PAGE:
Payroll Protection Plan – Loan Forgiveness

It is fair to assume that most small businesses took out a PPP loan with the plan to have the loan forgiven. Many looked at the ambiguous requirements to get the loan forgiveness and concluded that it was too good of a deal to pass up and it was anticipated that forgiveness details would be cleared up by the time small businesses were ready to make the request of lenders. Late on May 15th, 2020 the Treasury/ Small Business Association released an eleven-page loan forgiveness application. With it, much of the uncertainty became complexity with a moving target.  

Key Loan Forgiveness Application Highlights:  

Payroll – Definition of “Payroll” has not changed.  Payroll is not just the wages employees have received, but includes items like FICA. However, payroll does exclude workers’ compensation coverage. If you need a breakdown on your payroll from Cardinal please email us at  

Measurement Period – When your loan was dispersed you were told the eight-week count down begins the day you receive it, but you might have another option. If you have a bi-weekly or more frequent pay period, you can shift to an alternative pay period to more closely match your payroll. (Please see upcoming article on a new 24-week alternative period.) 

FullTime Employees (FTE) Counts– The PPP was designed with the incentive in mind to have employers keep on as many employees as possible. With the alternative being, if you reduce staff, you get less money forgiven. If you have always had five full-time employees and your staff numbers did not change during the measurement period, this is pretty easy. But if you have different staffing levels or other changes, you will need to calculate your FTE count based on one of two manners, and use the same to calculate the FTEs in the measurement period. For the PPP, FTEs are employees who are working 40 hours or more per week. Those working less are a fraction based on the number of hours. Note that there is a safe harbor provision. If you had employees quit, or employees terminated, you can get a credit against your employee count.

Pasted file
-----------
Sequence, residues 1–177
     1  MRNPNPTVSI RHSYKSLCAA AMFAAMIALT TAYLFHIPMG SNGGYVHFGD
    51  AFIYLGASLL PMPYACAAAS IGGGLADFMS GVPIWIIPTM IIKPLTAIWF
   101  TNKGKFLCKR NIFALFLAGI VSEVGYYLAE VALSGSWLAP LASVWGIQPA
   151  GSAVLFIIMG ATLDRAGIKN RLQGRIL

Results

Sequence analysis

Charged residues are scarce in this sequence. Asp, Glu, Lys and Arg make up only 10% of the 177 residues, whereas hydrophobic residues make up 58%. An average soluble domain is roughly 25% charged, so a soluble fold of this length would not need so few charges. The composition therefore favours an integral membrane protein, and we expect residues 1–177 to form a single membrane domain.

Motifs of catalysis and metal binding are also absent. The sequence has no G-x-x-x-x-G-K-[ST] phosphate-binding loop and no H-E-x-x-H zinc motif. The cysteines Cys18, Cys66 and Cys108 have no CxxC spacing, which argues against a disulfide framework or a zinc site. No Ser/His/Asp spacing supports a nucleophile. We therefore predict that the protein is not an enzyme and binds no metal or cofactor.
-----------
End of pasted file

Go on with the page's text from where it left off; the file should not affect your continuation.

Reduction of Wages – Like the reduction in the number of employees, there is a complicated formula to reduce loan forgiveness if you reduce wages by 25% or more.  

Hazard or Bonus Pay – Many employers want to reward those coming back with some type of hazard pay. There is no prohibition in doing so. That said, one concern is if the hazard or bonus pay could attract additional scrutiny when getting forgiven by the lender. Also, there may be additional rules and clarifications that could possibly retroactively prohibit hazard and/or bonus pay. 

You can download a copy of the loan forgiveness application here: